Rodgers v. Marshall

Summarized by:

  • Court: 9th Circuit Court of Appeals Archives
  • Area(s) of Law: Criminal Procedure
  • Date Filed: 05-17-2012
  • Case #: 10-55816
  • Judge(s)/Court Below: District Judge Zouhary for the Court; Circuit Judges Reinhardt and Fletcher.
  • Full Text Opinion

A criminal defendant’s request for representation to file a post-verdict new trial motion is a “critical stage” under the Sixth Amendment and thus allows for a right to counsel, and that denying such representation because a defendant waived his right to counsel previously is a violation of established federal law.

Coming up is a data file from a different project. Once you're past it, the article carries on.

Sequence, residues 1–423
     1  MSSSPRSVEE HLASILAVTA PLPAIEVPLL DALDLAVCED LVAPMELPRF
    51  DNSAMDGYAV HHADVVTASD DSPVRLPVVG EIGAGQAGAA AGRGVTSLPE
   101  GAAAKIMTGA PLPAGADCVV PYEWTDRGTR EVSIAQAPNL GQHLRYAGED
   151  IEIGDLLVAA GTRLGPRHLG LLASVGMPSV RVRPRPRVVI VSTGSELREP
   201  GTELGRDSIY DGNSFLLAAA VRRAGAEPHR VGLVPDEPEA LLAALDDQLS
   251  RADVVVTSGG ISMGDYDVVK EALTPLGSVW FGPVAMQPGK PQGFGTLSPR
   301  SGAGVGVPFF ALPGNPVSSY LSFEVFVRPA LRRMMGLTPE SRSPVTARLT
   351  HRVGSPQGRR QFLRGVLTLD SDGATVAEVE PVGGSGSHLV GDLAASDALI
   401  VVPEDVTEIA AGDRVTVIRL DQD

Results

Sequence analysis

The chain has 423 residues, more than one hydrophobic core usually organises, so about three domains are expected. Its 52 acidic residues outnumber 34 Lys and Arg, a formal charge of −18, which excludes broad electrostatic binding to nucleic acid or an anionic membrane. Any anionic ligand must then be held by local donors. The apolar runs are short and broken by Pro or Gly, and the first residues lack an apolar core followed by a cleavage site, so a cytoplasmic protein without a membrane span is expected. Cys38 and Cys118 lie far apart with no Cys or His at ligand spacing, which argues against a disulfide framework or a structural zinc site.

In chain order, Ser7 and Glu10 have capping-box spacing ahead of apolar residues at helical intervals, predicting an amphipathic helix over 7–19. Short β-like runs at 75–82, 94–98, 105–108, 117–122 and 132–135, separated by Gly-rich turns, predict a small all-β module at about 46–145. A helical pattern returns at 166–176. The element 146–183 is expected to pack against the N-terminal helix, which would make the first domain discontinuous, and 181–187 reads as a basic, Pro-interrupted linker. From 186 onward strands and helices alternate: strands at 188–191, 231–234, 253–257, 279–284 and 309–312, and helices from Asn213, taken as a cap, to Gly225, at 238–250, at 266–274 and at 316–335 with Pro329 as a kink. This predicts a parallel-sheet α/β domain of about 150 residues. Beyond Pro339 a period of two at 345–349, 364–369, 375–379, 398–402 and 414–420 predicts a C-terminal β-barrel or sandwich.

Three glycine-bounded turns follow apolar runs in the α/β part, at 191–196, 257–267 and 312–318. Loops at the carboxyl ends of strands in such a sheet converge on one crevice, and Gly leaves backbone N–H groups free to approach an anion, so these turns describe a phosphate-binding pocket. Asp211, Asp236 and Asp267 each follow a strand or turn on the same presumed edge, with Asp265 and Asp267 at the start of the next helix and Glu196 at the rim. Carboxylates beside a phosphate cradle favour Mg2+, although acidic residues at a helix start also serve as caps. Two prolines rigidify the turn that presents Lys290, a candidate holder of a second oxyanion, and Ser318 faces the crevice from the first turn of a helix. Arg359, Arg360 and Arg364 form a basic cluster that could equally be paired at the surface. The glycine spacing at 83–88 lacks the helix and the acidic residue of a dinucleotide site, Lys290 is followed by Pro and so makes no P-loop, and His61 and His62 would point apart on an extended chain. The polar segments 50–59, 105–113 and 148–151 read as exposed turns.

Otis Lee Rodgers was found guilty in June 2003 of assault with a firearm, possession of a firearm and ammunition by a felon, and making criminal threats. Rodgers was sentenced to sixteen years in prison, which he is currently serving. Rodgers filed a writ of habeas corpus in federal court with twenty-one claims for relief. The district court denied this petition but granted a limited certificate of appealability regarding his claim that his Sixth Amendment right to counsel was violated when the state trial court denied his timely request for representation in order to file a new trial motion. The Ninth Circuit must review the “last reasoned state court decision” and found this to be the August 2005 decision of the California appellate court which denied Rodgers Sixth Amendment claim. The Supreme Court has extended the right to representation beyond the trial to various “critical stages” in which “substantial rights of a criminal accused may be affected.” The Ninth Circuit found that every federal circuit that has addressed the issue has found that post-trial, pre-appeal motions for new trials are critical stages requiring the right to counsel. The court also determined that even though a criminal defendant previously waived counsel, this does not deny him the right to re-assert it at a separate, post-trial proceeding. For these reasons, the Ninth Circuit determined the California appellate court’s decision to be “contrary to…clearly established federal law.” The Ninth Circuit held that a criminal defendant’s request for representation to file a post-verdict new trial motion is a “critical stage” under the Sixth Amendment and thus allows for a right to counsel, and that denying such representation because a defendant waived his right to counsel previously is a violation of established federal law. REVERSED and REMANDED.

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